Wednesday, March 4, 2009
IN MY OPINION (Column)
Bailout Must Protect Responsible Homeowners
By ELTON GALLEGLY
Ninety-two percent of American homeowners are making their mortgage payments.
But many of them are struggling to do so. They are working two jobs, trimming their food budgets and putting off buying clothes for their children to keep a roof over their families’ heads. They are proud, hard-working Americans who believe government help is a last resort—and they are determined not to get there.
They are the backbone of the American economy. They are what make the American economy work. But they have their limits, too.
What are we saying to those families if we spend billions of their federal tax dollars to bail out the 8 percent of homeowners in foreclosure? Some of them have defaulted through no fault of their own and deserve help, but many more should never have been given a loan to begin with.
Let’s compare two typical families in the two groups. Family A put 20 percent down on a house when the market was beginning to spike at 7 percent interest. Their neighbor, Family B, bought at the same time. They didn’t have money for a down payment and may not even have had the income to qualify under accepted lending practices, but were given a loan anyway.
As housing prices continued to rise, Family B took out equity loans. They bought a boat. They bought a camper. Everyone in the family purchased new clothes. Family A lived within their means.
When the market turned, Family A lost the equity in their home, including their 20 percent down payment. Their home is now worth the cost of their loan, but they continue to make the mortgage payments hoping for better days. Family B’s home is now worth far less than the original and equity loans. They have no stake in the house—never did—so they’ve stopped making their mortgage payments.
Under what we now know of President Barack Obama’s mortgage bailout proposal, Family B’s loan would be restructured to the current value of the home and their interest rate cut. Family A would get no federal help. If you were Family A, wouldn’t you look at Family B and wonder why you’re continuing to scrimp and save to pay the mortgage?
I agree with Obama that the federal government has a role in helping those who have made a good-faith effort to make their payments. Family B—and I believe a large majority of those in foreclosure today—do not fit that category.
A major part of our economic crisis is due to a lack of confidence in our economic future. Therefore, we must be careful not to take away Family A’s conviction they can make it or that they are not fools for doing so. When Family A looks at their neighbor who is getting federal assistance, they must believe the neighbor deserves it. They must look at the federal program and still believe the key to success is hard work and opportunity. This is important because, as I’ve said since this economic crisis began, one of the primary reasons for this crisis is the lax standards lending institutions have employed to determine who qualifies for home mortgages.
Banks and other lending institutions have been giving loans to people like Family B who don’t qualify and cannot possibly pay back their loans. They have done so using gimmicks and sometimes through outright fraud, but more often under the lax regulations or nonsensical mandates imposed by the federal government. That includes giving loans to illegal immigrants with no discernible income.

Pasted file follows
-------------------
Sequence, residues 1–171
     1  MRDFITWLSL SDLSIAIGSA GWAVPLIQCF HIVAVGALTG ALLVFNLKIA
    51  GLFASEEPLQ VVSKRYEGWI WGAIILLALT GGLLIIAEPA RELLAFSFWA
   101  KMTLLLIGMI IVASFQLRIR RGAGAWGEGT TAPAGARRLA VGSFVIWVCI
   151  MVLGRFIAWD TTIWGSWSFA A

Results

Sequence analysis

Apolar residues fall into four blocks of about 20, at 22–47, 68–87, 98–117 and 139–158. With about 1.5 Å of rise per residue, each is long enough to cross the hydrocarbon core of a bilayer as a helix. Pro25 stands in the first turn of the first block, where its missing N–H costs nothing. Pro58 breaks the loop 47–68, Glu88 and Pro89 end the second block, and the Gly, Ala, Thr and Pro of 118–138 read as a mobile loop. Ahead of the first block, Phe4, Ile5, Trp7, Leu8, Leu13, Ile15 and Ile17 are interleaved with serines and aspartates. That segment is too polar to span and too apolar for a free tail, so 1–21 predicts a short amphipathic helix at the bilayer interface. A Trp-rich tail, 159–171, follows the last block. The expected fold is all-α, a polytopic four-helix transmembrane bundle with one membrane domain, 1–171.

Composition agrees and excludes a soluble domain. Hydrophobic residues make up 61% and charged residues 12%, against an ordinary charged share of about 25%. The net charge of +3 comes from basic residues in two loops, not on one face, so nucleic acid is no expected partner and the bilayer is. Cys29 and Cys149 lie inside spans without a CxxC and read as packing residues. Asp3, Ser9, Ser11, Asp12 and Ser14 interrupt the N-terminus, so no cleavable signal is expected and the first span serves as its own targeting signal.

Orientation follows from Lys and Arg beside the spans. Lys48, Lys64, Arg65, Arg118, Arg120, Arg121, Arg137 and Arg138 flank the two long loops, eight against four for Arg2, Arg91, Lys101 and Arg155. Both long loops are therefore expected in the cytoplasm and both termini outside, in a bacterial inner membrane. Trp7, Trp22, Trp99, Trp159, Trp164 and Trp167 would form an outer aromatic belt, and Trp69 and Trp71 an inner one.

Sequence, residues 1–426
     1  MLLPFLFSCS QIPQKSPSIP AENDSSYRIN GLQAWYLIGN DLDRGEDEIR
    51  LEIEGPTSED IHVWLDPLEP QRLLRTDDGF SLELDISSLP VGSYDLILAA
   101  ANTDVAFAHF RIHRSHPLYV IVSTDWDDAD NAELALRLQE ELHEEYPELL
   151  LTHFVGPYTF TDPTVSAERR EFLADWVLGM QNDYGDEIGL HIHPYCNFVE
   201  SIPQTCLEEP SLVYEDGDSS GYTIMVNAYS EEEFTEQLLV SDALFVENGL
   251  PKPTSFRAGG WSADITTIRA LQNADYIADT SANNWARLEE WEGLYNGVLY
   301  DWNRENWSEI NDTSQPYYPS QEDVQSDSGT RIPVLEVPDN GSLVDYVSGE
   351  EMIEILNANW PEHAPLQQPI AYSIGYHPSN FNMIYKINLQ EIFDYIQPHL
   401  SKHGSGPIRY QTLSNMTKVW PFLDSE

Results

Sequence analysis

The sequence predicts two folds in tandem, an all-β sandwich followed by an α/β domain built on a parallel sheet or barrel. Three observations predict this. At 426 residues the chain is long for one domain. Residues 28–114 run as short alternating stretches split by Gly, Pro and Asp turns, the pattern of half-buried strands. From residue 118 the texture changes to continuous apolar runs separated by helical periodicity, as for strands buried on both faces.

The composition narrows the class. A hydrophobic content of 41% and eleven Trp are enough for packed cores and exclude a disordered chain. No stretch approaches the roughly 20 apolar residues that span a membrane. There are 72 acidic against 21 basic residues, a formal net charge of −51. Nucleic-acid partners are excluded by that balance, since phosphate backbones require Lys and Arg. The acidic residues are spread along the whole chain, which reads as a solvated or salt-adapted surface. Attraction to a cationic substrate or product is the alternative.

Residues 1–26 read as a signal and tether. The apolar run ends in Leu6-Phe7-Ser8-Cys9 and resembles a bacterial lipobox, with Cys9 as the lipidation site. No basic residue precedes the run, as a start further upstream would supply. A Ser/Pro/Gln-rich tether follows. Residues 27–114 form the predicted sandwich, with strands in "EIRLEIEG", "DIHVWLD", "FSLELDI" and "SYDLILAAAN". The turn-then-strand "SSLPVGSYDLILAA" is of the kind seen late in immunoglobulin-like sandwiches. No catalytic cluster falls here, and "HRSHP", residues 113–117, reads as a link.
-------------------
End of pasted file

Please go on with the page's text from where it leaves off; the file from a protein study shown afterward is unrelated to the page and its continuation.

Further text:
Before we throw money at the problem—or at least as we’re doing it—we must tighten standards, regulations and laws that have allowed this to happen in the first place.
I called for tighter regulations when I twice voted against the Wall Street bailout. I said it when I voted against the Detroit bailout. I said it when I twice voted against the nonstimulus act.
In announcing his mortgage bailout plan last week, Obama said, “The plan I’m announcing focuses on rescuing families who have played by the rules and acted responsibly” and “will not rescue the unscrupulous or irresponsible by throwing good taxpayer money after bad.” But I fear when we see the details March 4, the devil will be in them.
Any plan Congress approves must include legislation reversing a 1990s law that encouraged loans to everyone, regardless of their ability to repay the loan. New legislation must require lending institutions to collect and verify income documentation and require a sizable down payment.
Likewise, any current homeowners participating in the proposal must adhere to the language included in the Hope for Homeowners Program that went into effect in October: “The mortgagor shall provide certification to the Secretary that the mortgagor has not intentionally defaulted on the mortgage or any other debt, and has not knowingly, or willfully and with actual knowledge, furnished material information known to be false for the purpose of obtaining any eligible mortgage.”
Our economy will only be rebuilt on a solid foundation of economic principles that were ignored in the three most recent bailouts. It will only be rebuilt by restoring confidence in the homeowners who are scrimping and cutting back to make their mortgage payments. It will only be rebuilt if we are fair to those who still believe in the American dream.
I urge the president, House Speaker Nancy Pelosi and Senate Majority Leader Harry Reid to take this opportunity to right the ship.
Copyright 2009, Metropolitan News Company